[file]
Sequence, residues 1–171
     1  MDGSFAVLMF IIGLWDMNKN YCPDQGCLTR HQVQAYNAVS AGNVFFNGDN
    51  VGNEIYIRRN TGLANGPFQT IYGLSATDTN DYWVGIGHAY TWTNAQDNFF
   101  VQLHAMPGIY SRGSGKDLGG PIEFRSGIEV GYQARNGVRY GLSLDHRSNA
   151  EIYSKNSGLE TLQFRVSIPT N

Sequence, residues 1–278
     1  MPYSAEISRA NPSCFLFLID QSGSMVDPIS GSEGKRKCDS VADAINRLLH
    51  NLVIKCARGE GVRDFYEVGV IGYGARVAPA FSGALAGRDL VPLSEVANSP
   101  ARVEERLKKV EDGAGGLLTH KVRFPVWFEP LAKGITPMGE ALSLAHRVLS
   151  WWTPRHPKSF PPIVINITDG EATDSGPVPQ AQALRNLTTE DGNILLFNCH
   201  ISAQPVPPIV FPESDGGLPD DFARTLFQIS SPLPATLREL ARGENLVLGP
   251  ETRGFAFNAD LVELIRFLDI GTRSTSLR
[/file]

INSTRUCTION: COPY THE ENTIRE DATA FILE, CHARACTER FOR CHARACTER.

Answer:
Sequence, residues 1–171
     1  MDGSFAVLMF IIGLWDMNKN YCPDQGCLTR HQVQAYNAVS AGNVFFNGDN
    51  VGNEIYIRRN TGLANGPFQT IYGLSATDTN DYWVGIGHAY TWTNAQDNFF
   101  VQLHAMPGIY SRGSGKDLGG PIEFRSGIEV GYQARNGVRY GLSLDHRSNA
   151  EIYSKNSGLE TLQFRVSIPT N

Sequence, residues 1–278
     1  MPYSAEISRA NPSCFLFLID QSGSMVDPIS GSEGKRKCDS VADAINRLLH
    51  NLVIKCARGE GVRDFYEVGV IGYGARVAPA FSGALAGRDL VPLSEVANSP
   101  ARVEERLKKV EDGAGGLLTH KVRFPVWFEP LAKGITPMGE ALSLAHRVLS
   151  WWTPRHPKSF PPIVINITDG EATDSGPVPQ AQALRNLTTE DGNILLFNCH
   201  ISAQPVPPIV FPESDGGLPD DFARTLFQIS SPLPATLREL ARGENLVLGP
   251  ETRGFAFNAD LVELIRFLDI GTRSTSLR